“Imagine if walls could talk, what would these walls have to say,” said Riley, who is also an advisory-board member of the Mississippi Free Press. “What daughters would have been assaulted, what sons would have been murdered, what abuses and atrocities these walls could tell us if they could document the things they have experienced or witnessed.”
The historian points to the terror that enslaved people on Mississippi plantations experienced as unresolved trauma for generations, and he notes the quarters can be a symbol of that.
“They were displaced people who were denied rights, were denied humanity and treated in some of the most brutal ways,” Riley said.
The Delta native believes the use of the quarters as an overnight stay is troubling and would prefer that people instead turn to the “infinite” number of scholarly and accessible historical research available on the lives of enslaved people and the atrocities they faced.
“For example, a white couple who chooses to go and stay in a slave quarters is participating in this practice from a profound degree of privilege,” Riley said. “It’s a privilege for them to go there having not experienced slavery and having their ancestors running the social order that made Jim Crow, slavery and the practices so bad.”
Still, as a silver lining to Cosey’s use of the quarters as a B&B, the professor hopes that the space can be used as an educational forum and space to facilitate conversations between white people who have never considered the trauma held in the walls of the quarters and Black people who have carried those experiences for generations.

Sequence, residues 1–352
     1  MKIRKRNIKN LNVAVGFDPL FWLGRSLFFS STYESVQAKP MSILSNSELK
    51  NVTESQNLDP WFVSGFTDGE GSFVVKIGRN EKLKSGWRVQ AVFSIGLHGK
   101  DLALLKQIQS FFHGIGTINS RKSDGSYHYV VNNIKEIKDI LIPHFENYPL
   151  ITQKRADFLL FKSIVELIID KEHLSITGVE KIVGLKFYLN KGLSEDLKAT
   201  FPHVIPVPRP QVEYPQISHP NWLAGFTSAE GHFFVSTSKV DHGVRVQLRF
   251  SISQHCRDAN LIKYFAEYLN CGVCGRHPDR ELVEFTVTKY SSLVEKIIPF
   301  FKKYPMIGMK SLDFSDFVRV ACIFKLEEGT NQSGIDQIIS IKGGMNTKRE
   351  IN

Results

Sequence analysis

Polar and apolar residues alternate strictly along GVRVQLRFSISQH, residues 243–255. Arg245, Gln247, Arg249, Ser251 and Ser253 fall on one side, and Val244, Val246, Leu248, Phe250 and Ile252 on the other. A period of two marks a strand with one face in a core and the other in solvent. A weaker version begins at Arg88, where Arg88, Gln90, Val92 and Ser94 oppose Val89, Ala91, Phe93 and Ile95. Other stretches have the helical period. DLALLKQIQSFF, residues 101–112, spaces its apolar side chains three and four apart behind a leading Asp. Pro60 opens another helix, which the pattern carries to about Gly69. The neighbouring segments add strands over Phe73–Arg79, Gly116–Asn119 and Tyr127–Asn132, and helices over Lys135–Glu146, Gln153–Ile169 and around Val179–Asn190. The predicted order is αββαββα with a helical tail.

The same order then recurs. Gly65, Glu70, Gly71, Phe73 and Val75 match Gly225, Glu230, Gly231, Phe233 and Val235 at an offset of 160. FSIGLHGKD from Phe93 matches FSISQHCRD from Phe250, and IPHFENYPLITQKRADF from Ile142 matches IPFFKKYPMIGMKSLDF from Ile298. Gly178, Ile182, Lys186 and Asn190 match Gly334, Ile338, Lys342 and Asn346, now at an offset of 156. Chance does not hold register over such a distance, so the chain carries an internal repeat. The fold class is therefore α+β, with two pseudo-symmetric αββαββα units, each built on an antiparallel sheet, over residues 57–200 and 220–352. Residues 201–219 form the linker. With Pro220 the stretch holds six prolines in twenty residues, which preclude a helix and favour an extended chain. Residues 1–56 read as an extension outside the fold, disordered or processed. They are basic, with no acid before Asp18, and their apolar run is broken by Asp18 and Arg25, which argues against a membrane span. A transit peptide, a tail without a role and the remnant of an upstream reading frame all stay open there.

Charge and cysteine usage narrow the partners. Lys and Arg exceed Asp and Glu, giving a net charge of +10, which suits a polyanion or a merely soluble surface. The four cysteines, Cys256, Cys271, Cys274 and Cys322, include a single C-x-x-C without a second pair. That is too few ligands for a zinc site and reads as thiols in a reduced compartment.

“If it was a museum where people would come to tour and learn about the impact of enslaved people in Natchez and how it has impacted the condition of Black people in a contemporary component, that would be great,” Riley said.
Cosey never considered opening the quarters as a museum, but she noted that some guests do understand it to be one in the sense that they learn about the history of the specific quarters and the names of the enslaved people who lived there. Her goal for the dilapidated structure when she first saw it was to bring it back to life to allow people to roam through its rooms and learn more about the people who once lived in them.
“I told Greg that if we could get people in here and open a dialogue, we could begin to heal.” Cosey said. “Why would I let their house fall? I don’t forget that it is a reclaimed place for a better purpose. I think this is their dream, and I know and what I feel is that the ancestors would look on and smile.”
A New Form of Archaeology
In 2021, Dr. Shawn Lambert checked out a room from the Coseys while working in the area on a different excavation. They discussed the history of the plantation over multiple breakfasts, and before he left, they raised the idea of excavating the former plantation grounds.